Healthcare Reform’s 10 Year Timeline for Roll-out

Many of the provisions included in the healthcare reform legislation passed recently will take place not immediately, but along a 10-year timeline through 2020. Here’s a glimpse of how that timeline rolls out:


  • Adults with pre-existing conditions who have been uninsured for at least six months can enroll in a temporary high risk health insurance pool and receive subsidized premiums–beginning three months after the bill’s passage. (The pools expire when exchanges are implemented in 2014.)
  • All health insurance plans are to offer dependent coverage for children through age 26; insurers are prohibited from denying coverage to children because of pre existing health problems.
  • Insurance companies can no longer put lifetime dollar limits on coverage and cancel policies–except in cases of fraud.
  • Tax credits will be provided to help small businesses with 25 employees or fewer to get and keep coverage for these employees.
  • The Medicare “doughnut hole,” in which beneficiaries had to pay full cost of their prescription drugs, begins narrowing by providing a $250 rebate this year to those in the gap, which starts this year after they have spent $2,830. The doughnut hole fully closes by 2020.
  • Indoor tanning has a 10% sales tax.


  • For Medicare beneficiaries reaching the Medicare doughnut hole, prescription coverage will be available with a 50% discount on brand name drugs.
  • A 10% Medicare bonus will be provided to primary care physicians and general surgeons practicing in underserved areas, such as inner cities and rural communities.
  • Medicare Advantage plans would begin to have their payments frozen—and then lowered in 2012. The plans would have to spend at least 85 cents out of every dollar on medical costs, while leaving 15 cents for plan operations, including overhead and salaries. Reductions would be phased in over the next three to seven years.
  • A voluntary long term care insurance program would be made available to provide a modest cash benefit for assisting disabled individuals to stay in their homes or cover nursing home costs. Benefits would start five years after people begin paying a fee for coverage.
  • Funding for community health centers would be increased to provide care for many low income and uninsured people.
  • Employers would be required to report the value of healthcare benefits on employees’ W 2 tax statements.
  • Pharmaceutical manufacturers will have a $2.3 billion annual fee that will increase over time.


  • Nonprofit insurance co ops would be created to compete with commercial insurers. Hospitals, physicians, and payers would be encouraged to band together in “accountable care organizations.”
  • Hospitals with high rates of preventable readmissions would face reduced Medicare payments.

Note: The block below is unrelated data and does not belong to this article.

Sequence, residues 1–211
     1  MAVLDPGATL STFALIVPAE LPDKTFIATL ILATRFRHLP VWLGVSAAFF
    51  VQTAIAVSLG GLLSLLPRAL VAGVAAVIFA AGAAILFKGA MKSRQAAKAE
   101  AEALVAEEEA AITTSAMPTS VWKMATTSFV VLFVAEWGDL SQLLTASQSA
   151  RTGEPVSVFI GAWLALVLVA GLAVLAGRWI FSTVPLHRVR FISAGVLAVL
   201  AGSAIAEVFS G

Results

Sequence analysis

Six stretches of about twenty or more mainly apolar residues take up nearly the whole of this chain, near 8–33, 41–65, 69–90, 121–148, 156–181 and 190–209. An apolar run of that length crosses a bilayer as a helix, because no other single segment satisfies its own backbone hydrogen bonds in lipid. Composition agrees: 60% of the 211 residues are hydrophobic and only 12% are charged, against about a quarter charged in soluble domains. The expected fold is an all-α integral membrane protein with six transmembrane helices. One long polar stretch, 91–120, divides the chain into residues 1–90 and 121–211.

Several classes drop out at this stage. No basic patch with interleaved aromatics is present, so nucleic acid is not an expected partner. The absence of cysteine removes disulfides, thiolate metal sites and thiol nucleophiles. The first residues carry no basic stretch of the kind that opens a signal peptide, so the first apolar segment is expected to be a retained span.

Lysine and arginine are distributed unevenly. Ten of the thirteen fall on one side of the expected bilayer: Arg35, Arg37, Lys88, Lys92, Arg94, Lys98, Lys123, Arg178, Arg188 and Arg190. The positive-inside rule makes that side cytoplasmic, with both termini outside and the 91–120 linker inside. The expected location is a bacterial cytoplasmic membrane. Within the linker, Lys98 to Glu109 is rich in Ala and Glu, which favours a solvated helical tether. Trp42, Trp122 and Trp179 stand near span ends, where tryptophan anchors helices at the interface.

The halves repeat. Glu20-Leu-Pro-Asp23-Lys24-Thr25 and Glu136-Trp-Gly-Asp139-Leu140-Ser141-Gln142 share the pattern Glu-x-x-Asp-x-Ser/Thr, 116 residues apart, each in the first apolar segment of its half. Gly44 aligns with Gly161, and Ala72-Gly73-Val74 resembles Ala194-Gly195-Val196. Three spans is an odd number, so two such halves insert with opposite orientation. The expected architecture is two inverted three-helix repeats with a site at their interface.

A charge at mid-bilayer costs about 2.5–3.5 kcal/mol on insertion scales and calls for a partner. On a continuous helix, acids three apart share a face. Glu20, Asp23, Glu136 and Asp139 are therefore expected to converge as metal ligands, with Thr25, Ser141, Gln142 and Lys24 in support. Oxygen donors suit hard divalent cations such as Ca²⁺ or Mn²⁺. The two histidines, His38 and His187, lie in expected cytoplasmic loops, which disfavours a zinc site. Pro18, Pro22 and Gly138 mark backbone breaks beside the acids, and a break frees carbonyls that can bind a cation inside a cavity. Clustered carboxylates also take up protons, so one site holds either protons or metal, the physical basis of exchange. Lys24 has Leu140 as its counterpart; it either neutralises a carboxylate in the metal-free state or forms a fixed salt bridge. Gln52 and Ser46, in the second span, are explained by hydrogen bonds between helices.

• Individuals making $200,000 a year or couples making $250,000 would have a higher Medicare payroll tax of 2.35%—up from the current 1.45%. A new tax of 3.8% on unearned income, such as dividends and interest, is also added.
  • Medical expense contributions to tax sheltered flexible spending accounts (FSAs) are limited to $2,500 a year—indexed for inflation. In addition, the thresholds for claiming itemized tax deduction for medical expenses rise from 7.5% to 10% of income. People age 65 or older can still deduct medical expenses above 7.5% of income through 2016.
  • Medicare device makers would have a 2.3% sales tax on medical devices; devices such as eyeglasses, contact lenses, and hearing aids would be exempt.


  • New state health insurance exchanges would be created. Income based tax credits will be available for many consumers in the exchanges. The sliding scale credits phase out for households that are four times above the federal poverty level (about $88,000 for a family of four).
  • Medicaid would be expanded to cover low income individuals up to 133% of the federal poverty level—about $28,300 for a family of four.
  • Insurers would be prohibited from denying coverage to people with pre existing conditions, or charge higher rates to those with poor or chronic health conditions. Premiums (with limitations) can only vary by age, place of residence, family size, and tobacco use.
  • Insurers will be required to cover maternity care as they do other medical procedures
  • All legal residents would be required to have health insurance—except in cases of financial hardship—or pay a fine to the IRS. The individual penalty starts at $95 each in 2014—rising to $695 in 2016. Family penalties are capped at $2,250; penalties will be indexed for inflation after 2016.
  • Employers with more than 50 workers would be penalized if any of their workers get coverage through the exchange and receive a tax credit. The penalty is $2,000 times the total number of workers employed at the company. However, employers get to deduct the first 30 workers.


  • A tax would be imposed on employer sponsored health insurance worth more than $10,200 for individual coverage, and $27,500 for a family plan. The tax is 40% of the value of the plan above the thresholds, indexed for inflation.


  • Doughnut hole coverage gap in Medicare prescription benefit is phased out. Seniors continue to pay the standard 25% of their drug costs until they reach the threshold for Medicare catastrophic coverage.

Courtsey of Janice Simmons, for HealthLeaders Media, March 23, 2010

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